A rational number is any number that can be written as a fraction, where both the numerator (the top number) and the denominator (the bottom number) are integers, and the denominator is not equal to zero.

In other words, a rational number can be expressed as p/q, where p and q are both integers and q ≠ 0.

In this article, we'll go over what whole numbers and integers are, cover different types of rational numbers, and learn how to determine if a number is rational or not.

## What Are Whole Numbers and Integers?

Before getting into integers, it would be helpful to review what whole numbers are.

### Whole Numbers

A whole number is any number from 0 up to infinity: 0, 1, 2, 3, 4, 5, ...

Note that whole numbers are just that – whole. They do not include decimals or fractions, and since they start from 0 and go up, all whole numbers are positive.

So 11, 0, 2014, and 938,840,123 are all whole numbers.

-2, 3.8, and 13/100 are not whole numbers.

### Integers

Integers are exactly like whole numbers, but can also include negative numbers: ..., -5, -4, -3, -2, -1, 0, 1, 2, 3, 4, 5, ...

12, -33, and 0 are all integers.

But 1/2, 3.14, and -3.333 are not integers.

## Rational Numbers

Again, a rational number is any number that can be expressed as a fraction, where both the numerator and denominator are integers, and the denominator is not 0:

*Source: Rational Numbers*

Some examples of rational numbers include:

- 3/4 (three quarters)
- 1/2 (one half)
- 5/8 (five eighths)

According to Wikipedia, the term *ratio* "is derived from *rational*".

So if a number can be expressed cleanly as a fraction, or a ratio between two integers, then it's a rational number. And if a number can't be expressed this way, then it's an irrational number.

### Types of Rational Numbers

Though you learned what rational numbers are earlier in the article, it's helpful to break them up into broad categories, and look at different examples.

There are four types of rational numbers:

- integers
- fractions made up of integers
- terminating decimal numbers
- non-terminating decimal numbers with infinitely repeating patterns

#### Integers

Any integer can be converted cleanly into a fraction, and is a rational number.

For example, 3 can be expressed as 3/1. And since both the numerator (3) and denominator (1) are integers, and the denominator is not 0, then 3 is a rational number.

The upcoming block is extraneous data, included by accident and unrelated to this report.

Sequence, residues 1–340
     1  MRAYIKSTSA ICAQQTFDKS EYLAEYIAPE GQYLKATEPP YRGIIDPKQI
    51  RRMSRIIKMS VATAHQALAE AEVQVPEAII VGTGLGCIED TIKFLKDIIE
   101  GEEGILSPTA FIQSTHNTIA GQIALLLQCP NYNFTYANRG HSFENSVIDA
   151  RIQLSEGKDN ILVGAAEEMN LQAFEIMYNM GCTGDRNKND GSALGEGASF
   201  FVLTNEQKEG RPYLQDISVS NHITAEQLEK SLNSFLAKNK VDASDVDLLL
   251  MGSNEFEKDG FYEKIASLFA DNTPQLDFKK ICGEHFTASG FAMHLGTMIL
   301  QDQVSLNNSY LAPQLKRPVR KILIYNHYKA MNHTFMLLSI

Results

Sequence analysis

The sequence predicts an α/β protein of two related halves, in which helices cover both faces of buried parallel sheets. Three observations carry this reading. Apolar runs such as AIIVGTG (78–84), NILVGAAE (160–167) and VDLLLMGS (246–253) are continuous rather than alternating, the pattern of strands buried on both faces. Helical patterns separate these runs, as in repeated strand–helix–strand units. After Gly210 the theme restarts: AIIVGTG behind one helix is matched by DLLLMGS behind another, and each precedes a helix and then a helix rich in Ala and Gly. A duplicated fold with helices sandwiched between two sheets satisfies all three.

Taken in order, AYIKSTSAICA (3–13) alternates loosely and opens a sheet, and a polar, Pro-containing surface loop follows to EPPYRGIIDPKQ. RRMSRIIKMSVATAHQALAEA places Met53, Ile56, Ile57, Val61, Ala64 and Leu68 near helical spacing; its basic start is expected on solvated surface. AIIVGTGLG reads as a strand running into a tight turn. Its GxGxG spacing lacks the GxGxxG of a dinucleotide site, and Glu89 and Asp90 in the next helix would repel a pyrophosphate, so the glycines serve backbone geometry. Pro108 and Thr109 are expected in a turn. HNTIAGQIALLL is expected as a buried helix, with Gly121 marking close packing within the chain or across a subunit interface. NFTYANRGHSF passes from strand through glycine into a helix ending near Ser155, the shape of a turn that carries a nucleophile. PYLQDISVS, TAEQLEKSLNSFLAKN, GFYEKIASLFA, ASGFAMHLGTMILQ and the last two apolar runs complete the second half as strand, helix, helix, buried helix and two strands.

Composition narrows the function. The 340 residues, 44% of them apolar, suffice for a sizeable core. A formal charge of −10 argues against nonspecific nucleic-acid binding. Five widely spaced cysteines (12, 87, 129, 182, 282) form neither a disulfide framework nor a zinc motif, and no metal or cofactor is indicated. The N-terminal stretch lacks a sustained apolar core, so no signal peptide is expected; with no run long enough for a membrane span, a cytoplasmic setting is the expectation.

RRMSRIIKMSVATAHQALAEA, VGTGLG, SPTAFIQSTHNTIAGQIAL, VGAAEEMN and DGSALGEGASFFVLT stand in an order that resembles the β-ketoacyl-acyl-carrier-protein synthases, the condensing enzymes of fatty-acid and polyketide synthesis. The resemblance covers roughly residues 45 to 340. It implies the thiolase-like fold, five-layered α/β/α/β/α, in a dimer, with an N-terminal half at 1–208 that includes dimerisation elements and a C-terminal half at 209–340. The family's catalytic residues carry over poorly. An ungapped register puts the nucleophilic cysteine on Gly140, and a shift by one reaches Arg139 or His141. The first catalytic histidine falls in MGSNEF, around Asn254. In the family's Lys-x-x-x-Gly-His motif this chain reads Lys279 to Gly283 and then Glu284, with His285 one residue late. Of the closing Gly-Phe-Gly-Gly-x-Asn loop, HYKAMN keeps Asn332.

This works for negative integers like -2 (or -2/1) and -2006 (or -2006/1).

The number 0 is also a rational number, because it can be converted into a fraction. For example, 0/1, 0/-4, and 0/18,572 are all valid fractions, and meet the definition of a rational number.

#### Fractions Made up of Integers

Any fraction made up of integers is a rational number, as long as the denominator is not 0.

For example, 1/3, -5/3, and 27/-463 are all rational numbers.

#### Terminating Decimal Numbers

Any decimal number that terminates, or ends at some point, is a rational number.

For example, take the decimal number 0.5. This can be converted to 1/2, which means its a rational number.

Even longer terminating decimal numbers can be cleanly converted into fractions. For instance, 0.0001 can be expressed as 1/10,000, meaning that it's a rational number.

As long as a decimal number eventually terminates, without rounding or approximation, it's a rational number.

#### Non-terminating Decimal Numbers With Infinitely Repeating Patterns

Decimal numbers that go on forever with repeating patterns are rational numbers. But this is a bit tricky, because the pattern must repeat infinitely.

For example, take the number 0.33333... Even though this is often simplified as 0.33, the pattern of 3's after the decimal point repeat infinitely. This means that the number can be converted into the fraction 1/3, and is a rational number.

But what about a more complicated number, like 0.142857142857...? Again, the 142857 pattern after the decimal repeats infinitely, and the number can be converted to 1/7, which is rational.

However, there are decimal numbers that go on infinitely that do not contain repeating patterns. These types of numbers are not rational numbers, and are known as *irrational* numbers.

## Irrational Numbers

Any number that does not meet the definition of a rational number is an irrational number.

Numbers like pi (π = 3.1415926536...) and many square roots (√2 = 1.41421356237...) have digits that go past the decimal point infinitely. But they don't contain infinitely repeating patterns, so they're considered irrational.

For example, while pi is often shortened to 3.14159, that's just an approximation. At the time of writing, the world record for the number of digits of pi that have been calculated is 62.8 trillion. And as computing power increases, so will that record.

But as far as anyone can tell, within those endless digits there are no repeating patterns, so pi is considered an irrational number.

**Thanks for Reading**

If you found this article on rational numbers helpful, consider sharing it so more people can benefit from it.

Also, feel free to reach out on Twitter and let me know what you think.